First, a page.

Sunday, 28 April 2013

Chapter 4 – The first meetings: Dis-Orientation Day

Entering information overload

Having survived the Open Evening we were keen to put our names down for the next stage of the process; a full day course which would look more deeply into the journey that adopters and adopted children take. Of course, that meant another frustrating wait for the Orientation Day. Inevitably the next one wasn’t until a few months hence.

When the day finally came we sat in another hall which had clearly been decorated in a job lot with the class rooms at the local comprehensive. Cosy and welcoming it was not. This time the previous roomful had been winnowed down to about 30 or 40 people. Sitting in a couple of rough circles it was difficult to work out what was to come next. As it turned out... largely more of the same.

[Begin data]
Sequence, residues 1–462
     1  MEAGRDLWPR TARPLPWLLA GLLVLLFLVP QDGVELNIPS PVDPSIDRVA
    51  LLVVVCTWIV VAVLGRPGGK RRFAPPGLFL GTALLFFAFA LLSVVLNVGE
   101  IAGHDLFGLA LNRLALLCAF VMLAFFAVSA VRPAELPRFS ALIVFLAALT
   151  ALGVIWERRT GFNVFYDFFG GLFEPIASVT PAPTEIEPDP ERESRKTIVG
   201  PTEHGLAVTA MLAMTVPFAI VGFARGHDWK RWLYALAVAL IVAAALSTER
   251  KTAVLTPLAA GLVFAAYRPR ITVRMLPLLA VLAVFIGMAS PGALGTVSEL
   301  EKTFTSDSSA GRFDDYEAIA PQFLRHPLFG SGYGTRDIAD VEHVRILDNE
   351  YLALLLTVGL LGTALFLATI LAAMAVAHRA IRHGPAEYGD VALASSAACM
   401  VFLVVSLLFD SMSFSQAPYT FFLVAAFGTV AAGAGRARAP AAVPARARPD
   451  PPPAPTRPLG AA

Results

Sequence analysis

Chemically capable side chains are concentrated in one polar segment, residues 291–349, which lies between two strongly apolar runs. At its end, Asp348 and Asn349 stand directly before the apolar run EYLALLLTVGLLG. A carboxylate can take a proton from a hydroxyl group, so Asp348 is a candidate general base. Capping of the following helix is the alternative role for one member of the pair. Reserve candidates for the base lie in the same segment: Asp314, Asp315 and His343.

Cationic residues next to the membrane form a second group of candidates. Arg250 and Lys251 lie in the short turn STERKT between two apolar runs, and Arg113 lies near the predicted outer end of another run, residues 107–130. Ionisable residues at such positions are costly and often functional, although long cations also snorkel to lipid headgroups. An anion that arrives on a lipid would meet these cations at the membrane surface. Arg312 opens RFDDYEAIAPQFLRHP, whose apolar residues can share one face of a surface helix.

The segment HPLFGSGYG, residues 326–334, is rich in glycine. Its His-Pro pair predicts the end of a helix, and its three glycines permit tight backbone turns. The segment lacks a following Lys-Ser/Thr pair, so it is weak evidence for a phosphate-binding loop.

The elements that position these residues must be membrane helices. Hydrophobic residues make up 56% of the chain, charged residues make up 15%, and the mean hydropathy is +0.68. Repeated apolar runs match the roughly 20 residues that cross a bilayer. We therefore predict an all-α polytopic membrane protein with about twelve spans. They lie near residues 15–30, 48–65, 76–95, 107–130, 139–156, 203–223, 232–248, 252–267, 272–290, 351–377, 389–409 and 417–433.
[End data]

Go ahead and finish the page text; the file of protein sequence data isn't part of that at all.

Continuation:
The overall agenda for the day seemed to be the Open Evening writ large. Of course, that gave even more scope for horror stories. Tales of the types of neglect and abuse which looked after children may have suffered followed. Again, the odd face around the room seemed to grow increasingly pale with the descriptions. This was followed by a talk on the types of challenge which an adoptive parent might face over the years of caring for and healing a potentially damaged little soul. By now some of the people sitting around the room were letting out little gulps and shifting uncomfortably in their seats. I’m sure I heard the odd whimper...

Chapter 3 – Starting out and the "Open Evening"

Horror stories and inspiration

So having decided that adoption was something which we were now seriously looking into there remained the question of... how? And who? And what? And where...? A couple of evenings’ Googling led us to the Children’s Services page of our local authority’s website. And here began something which we came to see as a repeating theme over the following few years. There was certainly lots of info on the website although none of it seemed geared towards answering the basic questions of a keen young couple keen to follow the adoption route. What there was seemed to be, at best, tangential to our basic questions and, at worst, downright misleading and contradictory.